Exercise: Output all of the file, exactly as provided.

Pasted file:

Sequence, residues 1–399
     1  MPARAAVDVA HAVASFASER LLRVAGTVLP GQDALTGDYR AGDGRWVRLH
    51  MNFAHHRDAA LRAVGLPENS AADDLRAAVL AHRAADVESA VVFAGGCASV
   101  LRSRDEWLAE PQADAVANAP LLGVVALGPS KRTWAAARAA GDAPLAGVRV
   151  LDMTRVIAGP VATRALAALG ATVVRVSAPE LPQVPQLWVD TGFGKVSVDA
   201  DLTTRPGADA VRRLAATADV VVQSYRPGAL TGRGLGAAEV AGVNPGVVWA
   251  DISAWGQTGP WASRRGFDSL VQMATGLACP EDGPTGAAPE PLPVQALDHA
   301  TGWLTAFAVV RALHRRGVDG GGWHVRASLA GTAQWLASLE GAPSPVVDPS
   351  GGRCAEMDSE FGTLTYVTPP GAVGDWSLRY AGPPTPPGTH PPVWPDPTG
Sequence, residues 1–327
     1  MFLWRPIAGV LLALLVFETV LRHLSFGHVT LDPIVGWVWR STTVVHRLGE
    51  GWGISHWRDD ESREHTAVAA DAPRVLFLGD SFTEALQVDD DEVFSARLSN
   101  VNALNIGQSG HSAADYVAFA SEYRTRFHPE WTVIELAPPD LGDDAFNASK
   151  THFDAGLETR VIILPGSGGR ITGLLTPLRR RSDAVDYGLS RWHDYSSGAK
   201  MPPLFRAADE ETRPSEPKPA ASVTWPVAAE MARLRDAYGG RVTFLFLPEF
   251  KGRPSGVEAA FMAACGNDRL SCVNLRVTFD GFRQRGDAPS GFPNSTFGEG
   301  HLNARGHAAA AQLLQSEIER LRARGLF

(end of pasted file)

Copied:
Sequence, residues 1–399
     1  MPARAAVDVA HAVASFASER LLRVAGTVLP GQDALTGDYR AGDGRWVRLH
    51  MNFAHHRDAA LRAVGLPENS AADDLRAAVL AHRAADVESA VVFAGGCASV
   101  LRSRDEWLAE PQADAVANAP LLGVVALGPS KRTWAAARAA GDAPLAGVRV
   151  LDMTRVIAGP VATRALAALG ATVVRVSAPE LPQVPQLWVD TGFGKVSVDA
   201  DLTTRPGADA VRRLAATADV VVQSYRPGAL TGRGLGAAEV AGVNPGVVWA
   251  DISAWGQTGP WASRRGFDSL VQMATGLACP EDGPTGAAPE PLPVQALDHA
   301  TGWLTAFAVV RALHRRGVDG GGWHVRASLA GTAQWLASLE GAPSPVVDPS
   351  GGRCAEMDSE FGTLTYVTPP GAVGDWSLRY AGPPTPPGTH PPVWPDPTG
Sequence, residues 1–327
     1  MFLWRPIAGV LLALLVFETV LRHLSFGHVT LDPIVGWVWR STTVVHRLGE
    51  GWGISHWRDD ESREHTAVAA DAPRVLFLGD SFTEALQVDD DEVFSARLSN
   101  VNALNIGQSG HSAADYVAFA SEYRTRFHPE WTVIELAPPD LGDDAFNASK
   151  THFDAGLETR VIILPGSGGR ITGLLTPLRR RSDAVDYGLS RWHDYSSGAK
   201  MPPLFRAADE ETRPSEPKPA ASVTWPVAAE MARLRDAYGG RVTFLFLPEF
   251  KGRPSGVEAA FMAACGNDRL SCVNLRVTFD GFRQRGDAPS GFPNSTFGEG
   301  HLNARGHAAA AQLLQSEIER LRARGLF